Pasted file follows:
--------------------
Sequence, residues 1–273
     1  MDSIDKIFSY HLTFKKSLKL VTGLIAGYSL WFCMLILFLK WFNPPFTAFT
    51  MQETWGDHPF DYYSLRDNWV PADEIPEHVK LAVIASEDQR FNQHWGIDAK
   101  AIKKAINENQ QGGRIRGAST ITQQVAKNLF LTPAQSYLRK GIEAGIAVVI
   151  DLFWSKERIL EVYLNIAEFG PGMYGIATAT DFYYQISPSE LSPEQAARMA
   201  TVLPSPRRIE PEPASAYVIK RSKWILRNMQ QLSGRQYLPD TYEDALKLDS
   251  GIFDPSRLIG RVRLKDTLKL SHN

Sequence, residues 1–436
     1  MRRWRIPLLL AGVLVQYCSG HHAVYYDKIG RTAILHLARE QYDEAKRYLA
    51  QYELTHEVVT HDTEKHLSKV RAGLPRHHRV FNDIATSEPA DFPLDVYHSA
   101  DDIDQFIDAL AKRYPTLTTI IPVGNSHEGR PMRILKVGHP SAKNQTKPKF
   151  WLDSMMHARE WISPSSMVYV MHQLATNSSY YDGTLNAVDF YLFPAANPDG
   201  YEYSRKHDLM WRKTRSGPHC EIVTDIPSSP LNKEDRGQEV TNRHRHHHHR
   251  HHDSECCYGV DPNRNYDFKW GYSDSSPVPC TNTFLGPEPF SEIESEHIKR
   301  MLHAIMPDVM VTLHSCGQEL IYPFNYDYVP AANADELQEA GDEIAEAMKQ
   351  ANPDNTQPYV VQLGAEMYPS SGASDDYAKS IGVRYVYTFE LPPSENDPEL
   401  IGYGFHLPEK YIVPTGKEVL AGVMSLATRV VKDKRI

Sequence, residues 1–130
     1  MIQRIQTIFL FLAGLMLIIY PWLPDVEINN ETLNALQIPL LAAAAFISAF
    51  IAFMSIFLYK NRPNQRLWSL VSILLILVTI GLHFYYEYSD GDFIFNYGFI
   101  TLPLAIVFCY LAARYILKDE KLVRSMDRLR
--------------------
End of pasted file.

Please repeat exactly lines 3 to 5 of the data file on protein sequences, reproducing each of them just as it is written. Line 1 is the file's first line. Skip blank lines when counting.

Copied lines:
    51  MQETWGDHPF DYYSLRDNWV PADEIPEHVK LAVIASEDQR FNQHWGIDAK
   101  AIKKAINENQ QGGRIRGAST ITQQVAKNLF LTPAQSYLRK GIEAGIAVVI
   151  DLFWSKERIL EVYLNIAEFG PGMYGIATAT DFYYQISPSE LSPEQAARMA